The public display of bonhomie between Samajwadi Party (SP) chief Akhilesh Yadav and Bahujan Samaj Party (BSP) supremo Mayawati after decades of animosity and bad blood reflects what an irresistible elixir political power can be. Until Akhilesh’s father and SP founder Mulayam Singh Yadav and Mayawati shared the dais in Mainpuri after 24 years of acrimony on Friday there was open hostility between the two Uttar Pradesh regional leaders, but thanks to Akhilesh who pandered to the weakness of the two bigwigs to try to get a taste of the power tonic again, both Mulayam and Mayawati were singing paeans to each other in full public view.
The trigger for the acrimony — the infamous guest house incident in Lucknow when Mayawati was under siege of Mulayam’s goons at a government guest house while the latter was in the saddle was brushed aside as inconsequential by both now with Mayawati describing the patch-up as being guided by ‘national interest.’ Mulayam gave a fervent call to his supporters to “always respect Mayawati ji” while Mayawati called Mulayam a “real leader of the backwards.”
The provocation for the SP-BSP reconciliation has been the BJP’s steamroller win in the 2014 Lok Sabha election in the State when Mayawati could not win a single seat while Mulayam was mauled a trifle less comprehensively. The two parties used the byelections in Gorakhpur and Phulpur Assembly as a testing ground and Mayawati shrewdly did not put up her candidates in both these, deciding instead to support SP nominees.
With the BJP running riot, the two parties reckoned that the only way the Modi juggernaut could be stopped was if they sunk their differences and decided to swim together. It goes to the credit of both Akhilesh and Mayawati that since they entered into this marriage of convenience, they have not looked back. Of course it did help matters that real power within SP had passed to the new generation (Mulayam’s son Akhilesh) but it was no less an achievement that the two leaders were able to contain dissidence within their parties to the extent that any murmurs of discontent were buried under the carpet.
To BJP leaders who were waiting to drive a wedge between Akhilesh and Mayawati to gain political advantage, the sustained workable relations between the respective leaders has been a major dampener. Today, with the two parties on the same footing, the challenge for the BJP is ever so great. But while in Gorakhpur and Phulpur, the transfer of votes from the BSP to the SP was manifest, there is a question mark over whether the SP votes would transfer to the BSP alliance candidates in equal measure.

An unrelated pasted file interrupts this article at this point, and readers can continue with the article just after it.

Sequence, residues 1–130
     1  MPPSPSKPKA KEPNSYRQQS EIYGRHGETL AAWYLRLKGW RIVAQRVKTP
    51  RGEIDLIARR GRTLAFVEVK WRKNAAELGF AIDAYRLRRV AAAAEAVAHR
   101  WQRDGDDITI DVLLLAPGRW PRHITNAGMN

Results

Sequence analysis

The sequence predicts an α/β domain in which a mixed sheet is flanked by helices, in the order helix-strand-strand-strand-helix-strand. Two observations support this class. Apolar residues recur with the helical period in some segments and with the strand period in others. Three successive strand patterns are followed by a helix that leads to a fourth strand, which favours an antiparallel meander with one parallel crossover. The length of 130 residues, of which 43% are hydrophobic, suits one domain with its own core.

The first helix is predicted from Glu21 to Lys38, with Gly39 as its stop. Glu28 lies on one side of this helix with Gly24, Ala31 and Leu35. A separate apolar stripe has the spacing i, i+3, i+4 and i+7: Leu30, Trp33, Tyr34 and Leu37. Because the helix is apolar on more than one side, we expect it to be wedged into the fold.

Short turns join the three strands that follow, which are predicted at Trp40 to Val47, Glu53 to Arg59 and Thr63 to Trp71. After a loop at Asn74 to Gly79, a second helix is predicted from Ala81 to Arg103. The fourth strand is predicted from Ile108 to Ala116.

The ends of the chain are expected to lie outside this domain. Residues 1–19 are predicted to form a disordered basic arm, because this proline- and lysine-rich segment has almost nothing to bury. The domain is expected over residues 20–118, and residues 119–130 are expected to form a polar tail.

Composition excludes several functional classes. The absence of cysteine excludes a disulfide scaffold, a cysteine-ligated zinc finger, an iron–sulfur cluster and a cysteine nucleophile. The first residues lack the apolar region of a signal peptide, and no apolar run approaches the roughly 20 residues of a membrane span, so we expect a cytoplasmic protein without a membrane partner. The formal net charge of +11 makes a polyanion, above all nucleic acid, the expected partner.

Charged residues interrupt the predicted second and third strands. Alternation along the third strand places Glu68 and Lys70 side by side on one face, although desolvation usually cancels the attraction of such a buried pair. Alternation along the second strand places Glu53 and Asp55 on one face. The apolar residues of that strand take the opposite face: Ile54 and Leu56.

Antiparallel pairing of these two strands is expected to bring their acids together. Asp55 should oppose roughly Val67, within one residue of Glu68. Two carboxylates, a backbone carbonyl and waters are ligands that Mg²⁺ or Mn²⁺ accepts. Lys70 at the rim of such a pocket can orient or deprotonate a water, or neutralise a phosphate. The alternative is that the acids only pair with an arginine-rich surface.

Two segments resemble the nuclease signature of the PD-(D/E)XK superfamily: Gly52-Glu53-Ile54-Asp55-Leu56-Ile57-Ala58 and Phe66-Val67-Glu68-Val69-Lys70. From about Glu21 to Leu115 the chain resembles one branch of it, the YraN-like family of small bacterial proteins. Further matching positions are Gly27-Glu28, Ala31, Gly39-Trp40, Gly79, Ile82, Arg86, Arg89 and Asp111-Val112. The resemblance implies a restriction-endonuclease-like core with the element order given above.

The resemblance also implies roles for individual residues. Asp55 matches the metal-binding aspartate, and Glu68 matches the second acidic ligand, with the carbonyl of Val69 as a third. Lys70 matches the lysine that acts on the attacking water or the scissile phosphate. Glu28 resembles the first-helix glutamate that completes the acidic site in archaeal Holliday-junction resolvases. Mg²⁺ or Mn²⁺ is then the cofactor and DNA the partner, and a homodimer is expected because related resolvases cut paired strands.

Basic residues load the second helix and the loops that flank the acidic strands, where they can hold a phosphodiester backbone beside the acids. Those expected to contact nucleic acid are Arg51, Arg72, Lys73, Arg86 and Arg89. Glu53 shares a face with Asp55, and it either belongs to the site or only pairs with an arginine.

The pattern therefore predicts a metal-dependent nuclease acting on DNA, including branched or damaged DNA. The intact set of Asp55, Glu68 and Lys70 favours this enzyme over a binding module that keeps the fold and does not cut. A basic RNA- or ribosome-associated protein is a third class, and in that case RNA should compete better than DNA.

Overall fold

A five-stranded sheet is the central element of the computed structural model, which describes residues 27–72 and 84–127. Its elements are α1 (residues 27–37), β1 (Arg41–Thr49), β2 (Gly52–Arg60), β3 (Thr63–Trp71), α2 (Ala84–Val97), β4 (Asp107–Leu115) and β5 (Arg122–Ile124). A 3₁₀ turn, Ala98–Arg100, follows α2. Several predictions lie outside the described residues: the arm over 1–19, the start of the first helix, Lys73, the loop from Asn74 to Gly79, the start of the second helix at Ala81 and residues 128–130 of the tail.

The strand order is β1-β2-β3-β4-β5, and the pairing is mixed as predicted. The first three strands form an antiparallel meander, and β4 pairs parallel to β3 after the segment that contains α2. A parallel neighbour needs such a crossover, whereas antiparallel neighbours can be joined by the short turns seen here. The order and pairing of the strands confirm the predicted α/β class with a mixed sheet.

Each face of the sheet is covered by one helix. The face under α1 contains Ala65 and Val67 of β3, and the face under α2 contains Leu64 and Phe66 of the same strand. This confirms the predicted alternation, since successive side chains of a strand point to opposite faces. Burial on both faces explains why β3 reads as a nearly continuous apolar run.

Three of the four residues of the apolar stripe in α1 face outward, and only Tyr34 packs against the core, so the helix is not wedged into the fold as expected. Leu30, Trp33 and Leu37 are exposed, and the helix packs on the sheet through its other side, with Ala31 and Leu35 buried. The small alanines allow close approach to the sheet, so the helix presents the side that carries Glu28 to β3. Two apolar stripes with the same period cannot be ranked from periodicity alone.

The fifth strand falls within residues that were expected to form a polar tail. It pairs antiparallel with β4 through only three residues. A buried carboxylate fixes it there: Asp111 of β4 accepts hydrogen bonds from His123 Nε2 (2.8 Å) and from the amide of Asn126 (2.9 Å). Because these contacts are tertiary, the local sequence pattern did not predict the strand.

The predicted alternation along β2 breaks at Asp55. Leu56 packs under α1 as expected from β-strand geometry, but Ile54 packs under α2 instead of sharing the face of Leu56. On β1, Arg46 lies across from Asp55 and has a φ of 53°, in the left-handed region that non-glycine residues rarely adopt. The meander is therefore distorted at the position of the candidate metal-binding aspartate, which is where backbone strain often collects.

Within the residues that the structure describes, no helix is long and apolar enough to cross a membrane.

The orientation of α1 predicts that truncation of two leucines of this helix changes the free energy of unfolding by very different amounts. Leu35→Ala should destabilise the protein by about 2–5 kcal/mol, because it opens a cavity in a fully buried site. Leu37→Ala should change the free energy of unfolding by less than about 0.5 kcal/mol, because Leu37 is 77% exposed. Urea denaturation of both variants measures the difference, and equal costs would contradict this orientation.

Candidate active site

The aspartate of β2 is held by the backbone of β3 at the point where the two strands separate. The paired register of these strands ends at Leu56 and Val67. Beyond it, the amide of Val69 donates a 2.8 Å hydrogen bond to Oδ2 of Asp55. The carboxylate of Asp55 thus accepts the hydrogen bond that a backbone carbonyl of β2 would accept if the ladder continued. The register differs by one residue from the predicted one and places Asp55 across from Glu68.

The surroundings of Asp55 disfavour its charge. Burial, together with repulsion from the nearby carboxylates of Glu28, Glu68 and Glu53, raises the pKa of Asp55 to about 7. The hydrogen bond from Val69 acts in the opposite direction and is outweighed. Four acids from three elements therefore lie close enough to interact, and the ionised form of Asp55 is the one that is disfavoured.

The SP-BSP relationship has not come under strain on issues with both Mayawati and Akhilesh showing due maturity in accommodating each other’s standpoint. The felicity with which Akhilesh dropped his preference to accommodate the Congress in a proposed mahagathbandhan on a nudge from Mayawati was revealing. The seat-sharing talks between the SP and the BSP was a smooth affair.
The Congress would surely have demanded a generous slice of the cake and that would have led to some acrimony within the mahagathbandhan. By keeping the Congress out, offering it a mere two seats which the Congress was bound to reject, the SP-BSP alliance was able to ward off an ugly situation.
As things stand, the Congress has been left high and dry and poses no challenge to the gathbandhan. All would now depend on Prime Minister Narendra Modi’s vote pulling capacity which will be under severe test. All in all, an interesting contest is well on the cards.
Apart from Uttar Pradesh, the only other state where mutual distrust between the two principal parties had touched astronomical proportions was Tamil Nadu where the bad blood between DMK kingpin Karunanidhi and AIADMK supremo J Jayalalithaa was legendary.
With both these towering leaders having passed away, the two parties are no longer at each other’s throat while they continue to be political rivals. What the future holds in store is an enigma. While in UP the alliance could well hold, in Tamil Nadu, the AIADMK it is severely dented by the absence of Jayalalithaa.